by Anna Raccoon
Note: The police should be abolished, and we should return to the old system of private prosecutions. Until then, every law passed since the Protection of Constables Act 1750, that raises these people above the rest of us, should be repealed. SIG
Competition – The Policeman’s Bawl…
My, but the Police are unhappy this morning. Bawling their eyes out in fact.
The Assistant Commissioner, Simon Byrne, has described Detectives as ‘Constables in T-shirts and jeans’ thereby upsetting everyone. The detectives are upset at the insinuation that they are no better than your ‘ornery, plodding the streets, copper; when the fact that they mostly worked office hours and didn’t have to spend frosty mornings cleaning up the vomit on the back seat of their Panda had led them to believe that they were a cut above, special even – and the rank and file, those that are expected to fulfil every function under the sun from mental health expert to social worker to diplomat in the full unforgiving gaze of the public eye are equally pissed off to find that their white-collar – or T-shirt and jean clad – colleagues had actually been looking down on them all this time. A stroke of genius AC Byrne. Even Gordon Brown struggled to piss off everyone simultaneously.
Personally, and at the risk of having on-line Plod land firmly on my head, I think he is right. Whilst there will always be a call for highly specialised branches of investigation like fraud, or art theft – it does seem ridiculous to have a caste system within the police, whereby the front line copper who knows every car thief on his patch is not considered capable of investigating a car theft. Considering that all detectives start life as constables, they didn’t magically acquire a higher intelligence when they made it to DC, merely more training – so why not train all policemen to the same level?
But if Byrne has upset the delicate balance of one up-man ship within the police force, his next suggestion will generate endless headlines. He wants to station front desk police inside supermarkets and post offices. It probably sounded sensible in the think tank, why have special buildings just to report a crime, why not have the facility where the people already are? Probably because he had never investigated the caste system that operates within British supermarkets. If you own a multi-million pound house in Islington, you don’t do your shopping in Lidl or the local Poundshop, that’s why. If the burglary in your multi-million million pound house in Islington has traumatised you, that is as nothing to being forced to jostle in the queue at Poundland along with the overweight Kylie’s and Craig’s in order to report the incident. The fun will really start when the Guardian run articles explaining why Sharon didn’t report that an ageing celebrity shouted ‘wot abaht it darlin’ at her 30 years ago because ’she didn’t feel at ease in Waitrose’ with all those posh people…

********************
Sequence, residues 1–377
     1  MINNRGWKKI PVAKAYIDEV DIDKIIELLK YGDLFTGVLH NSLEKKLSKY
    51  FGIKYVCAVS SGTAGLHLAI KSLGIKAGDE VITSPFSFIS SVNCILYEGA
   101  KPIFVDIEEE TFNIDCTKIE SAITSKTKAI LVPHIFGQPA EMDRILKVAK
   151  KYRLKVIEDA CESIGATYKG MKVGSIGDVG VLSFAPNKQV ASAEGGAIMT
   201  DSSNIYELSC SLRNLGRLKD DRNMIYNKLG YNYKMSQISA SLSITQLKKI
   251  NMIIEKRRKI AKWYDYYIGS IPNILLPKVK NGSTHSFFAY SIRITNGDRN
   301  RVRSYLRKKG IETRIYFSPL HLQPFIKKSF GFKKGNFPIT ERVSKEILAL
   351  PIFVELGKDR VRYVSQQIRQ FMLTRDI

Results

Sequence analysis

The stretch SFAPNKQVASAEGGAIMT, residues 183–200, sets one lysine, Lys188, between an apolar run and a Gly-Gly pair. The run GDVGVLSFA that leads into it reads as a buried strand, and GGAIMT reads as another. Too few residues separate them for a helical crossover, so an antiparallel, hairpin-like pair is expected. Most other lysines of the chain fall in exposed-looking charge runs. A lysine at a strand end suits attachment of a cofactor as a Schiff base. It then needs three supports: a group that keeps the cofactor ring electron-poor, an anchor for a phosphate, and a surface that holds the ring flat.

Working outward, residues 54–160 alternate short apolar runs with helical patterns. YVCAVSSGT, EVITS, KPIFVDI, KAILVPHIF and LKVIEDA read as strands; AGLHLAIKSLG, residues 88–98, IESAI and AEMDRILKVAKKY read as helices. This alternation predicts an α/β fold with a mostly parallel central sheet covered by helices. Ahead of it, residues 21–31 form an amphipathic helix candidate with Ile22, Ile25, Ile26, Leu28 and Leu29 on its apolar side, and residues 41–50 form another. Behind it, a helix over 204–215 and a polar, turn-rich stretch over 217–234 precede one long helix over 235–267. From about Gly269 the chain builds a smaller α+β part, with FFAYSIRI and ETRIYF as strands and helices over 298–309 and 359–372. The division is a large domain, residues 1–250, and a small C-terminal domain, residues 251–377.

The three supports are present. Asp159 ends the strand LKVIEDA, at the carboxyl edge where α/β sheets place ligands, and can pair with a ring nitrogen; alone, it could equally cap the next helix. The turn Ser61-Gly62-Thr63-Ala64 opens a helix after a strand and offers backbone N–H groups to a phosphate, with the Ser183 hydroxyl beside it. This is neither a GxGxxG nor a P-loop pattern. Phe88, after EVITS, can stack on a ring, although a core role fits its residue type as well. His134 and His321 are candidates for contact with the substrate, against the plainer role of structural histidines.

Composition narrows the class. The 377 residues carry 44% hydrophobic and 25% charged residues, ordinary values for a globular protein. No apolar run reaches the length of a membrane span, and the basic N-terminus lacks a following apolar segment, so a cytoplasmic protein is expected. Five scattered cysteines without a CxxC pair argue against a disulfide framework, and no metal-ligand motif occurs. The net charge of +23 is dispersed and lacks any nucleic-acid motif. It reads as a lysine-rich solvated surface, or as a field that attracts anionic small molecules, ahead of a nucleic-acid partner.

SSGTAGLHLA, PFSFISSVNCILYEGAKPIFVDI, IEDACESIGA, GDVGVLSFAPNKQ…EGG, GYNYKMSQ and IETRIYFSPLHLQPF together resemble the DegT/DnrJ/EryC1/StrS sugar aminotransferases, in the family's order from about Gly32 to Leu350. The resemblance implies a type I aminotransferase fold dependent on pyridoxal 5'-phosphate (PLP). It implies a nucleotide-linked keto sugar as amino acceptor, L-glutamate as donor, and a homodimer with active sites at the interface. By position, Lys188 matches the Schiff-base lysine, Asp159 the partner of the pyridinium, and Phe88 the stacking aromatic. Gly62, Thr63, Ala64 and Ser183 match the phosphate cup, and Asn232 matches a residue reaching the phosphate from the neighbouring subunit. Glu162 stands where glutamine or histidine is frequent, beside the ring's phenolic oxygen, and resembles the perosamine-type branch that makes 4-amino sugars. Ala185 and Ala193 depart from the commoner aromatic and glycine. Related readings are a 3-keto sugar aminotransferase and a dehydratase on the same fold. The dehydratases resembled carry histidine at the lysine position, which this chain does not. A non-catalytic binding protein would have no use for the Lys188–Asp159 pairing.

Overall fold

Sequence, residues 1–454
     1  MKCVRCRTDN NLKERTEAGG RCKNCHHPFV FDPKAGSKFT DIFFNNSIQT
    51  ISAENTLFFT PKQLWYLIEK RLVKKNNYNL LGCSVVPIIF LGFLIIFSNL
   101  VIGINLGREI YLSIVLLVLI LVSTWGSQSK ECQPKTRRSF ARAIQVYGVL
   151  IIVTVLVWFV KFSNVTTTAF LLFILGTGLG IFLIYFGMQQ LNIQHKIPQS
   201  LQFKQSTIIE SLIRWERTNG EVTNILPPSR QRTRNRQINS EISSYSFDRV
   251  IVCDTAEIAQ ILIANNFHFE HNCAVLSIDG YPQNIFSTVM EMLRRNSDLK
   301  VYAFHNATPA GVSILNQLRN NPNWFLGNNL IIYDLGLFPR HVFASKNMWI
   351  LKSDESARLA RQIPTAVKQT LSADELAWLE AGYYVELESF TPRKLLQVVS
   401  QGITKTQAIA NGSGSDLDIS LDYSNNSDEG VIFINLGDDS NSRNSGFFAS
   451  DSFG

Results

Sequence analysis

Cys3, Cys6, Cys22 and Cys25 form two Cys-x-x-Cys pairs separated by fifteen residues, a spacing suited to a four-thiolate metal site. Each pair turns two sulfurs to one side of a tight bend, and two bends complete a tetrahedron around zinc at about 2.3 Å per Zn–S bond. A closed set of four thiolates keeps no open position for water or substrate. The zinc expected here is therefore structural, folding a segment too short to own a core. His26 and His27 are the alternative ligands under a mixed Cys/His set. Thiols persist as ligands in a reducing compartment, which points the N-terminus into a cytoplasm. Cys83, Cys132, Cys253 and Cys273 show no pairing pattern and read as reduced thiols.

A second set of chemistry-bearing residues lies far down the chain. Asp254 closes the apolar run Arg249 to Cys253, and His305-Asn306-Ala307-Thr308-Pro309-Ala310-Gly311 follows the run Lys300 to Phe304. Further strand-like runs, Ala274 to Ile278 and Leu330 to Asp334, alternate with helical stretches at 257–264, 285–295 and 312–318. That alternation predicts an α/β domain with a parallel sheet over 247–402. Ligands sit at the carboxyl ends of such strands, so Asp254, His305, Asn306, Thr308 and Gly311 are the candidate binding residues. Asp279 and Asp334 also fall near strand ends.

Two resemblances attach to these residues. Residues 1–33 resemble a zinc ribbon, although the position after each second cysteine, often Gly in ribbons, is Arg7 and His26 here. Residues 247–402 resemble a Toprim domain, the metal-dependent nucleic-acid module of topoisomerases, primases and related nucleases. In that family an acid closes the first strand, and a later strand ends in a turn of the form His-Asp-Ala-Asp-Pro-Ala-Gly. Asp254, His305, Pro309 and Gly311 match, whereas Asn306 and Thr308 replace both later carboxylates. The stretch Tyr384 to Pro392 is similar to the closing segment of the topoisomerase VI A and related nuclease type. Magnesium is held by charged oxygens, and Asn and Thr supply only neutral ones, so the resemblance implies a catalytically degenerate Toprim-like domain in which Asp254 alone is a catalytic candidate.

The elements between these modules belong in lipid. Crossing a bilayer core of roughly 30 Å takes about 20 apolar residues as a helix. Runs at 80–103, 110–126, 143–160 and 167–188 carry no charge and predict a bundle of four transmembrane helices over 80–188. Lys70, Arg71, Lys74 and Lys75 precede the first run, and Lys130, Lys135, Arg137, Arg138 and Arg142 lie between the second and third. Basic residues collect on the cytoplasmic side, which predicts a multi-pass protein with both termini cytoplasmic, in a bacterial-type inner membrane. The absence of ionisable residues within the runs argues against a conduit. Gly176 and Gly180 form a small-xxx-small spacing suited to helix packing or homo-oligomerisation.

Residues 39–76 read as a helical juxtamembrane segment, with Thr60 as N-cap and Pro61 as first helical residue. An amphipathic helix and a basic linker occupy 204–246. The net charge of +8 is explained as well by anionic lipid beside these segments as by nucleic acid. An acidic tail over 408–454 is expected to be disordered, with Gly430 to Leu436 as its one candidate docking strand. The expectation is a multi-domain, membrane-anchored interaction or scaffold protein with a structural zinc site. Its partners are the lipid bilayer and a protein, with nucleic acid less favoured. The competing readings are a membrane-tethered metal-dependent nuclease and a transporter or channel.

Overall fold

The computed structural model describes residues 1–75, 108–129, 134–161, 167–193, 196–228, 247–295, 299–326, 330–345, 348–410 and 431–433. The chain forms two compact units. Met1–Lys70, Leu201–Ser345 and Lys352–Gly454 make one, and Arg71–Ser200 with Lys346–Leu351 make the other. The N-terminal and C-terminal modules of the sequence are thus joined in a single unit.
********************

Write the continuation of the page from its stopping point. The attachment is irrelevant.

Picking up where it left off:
Anybody would think that the police were just a commodity, to be displayed alongside the turnips…I didn’t realise until I started looking into this that Tesco’s already sponsor police cars and build police stations.
Shall we have ‘seven or less crimes to report’ desks, or ‘self reportage’ aisles with scanners for your ankle tag? Tannoy announcements for ‘Plod to aisle seven please’? Will you be able to get a home delivery of a policeman? ‘Ask a Policeman’ reduced to ‘Where’s the Baked Beans’? Extra Nectar points for the habitual offender?
I foresee hours of fun from this one, still at least the doughnuts will be handy. Where’s a policeman when you need one? At the doughnut counter…
A special prize for the best good humoured one liner on this subject today. Probably a doughnut!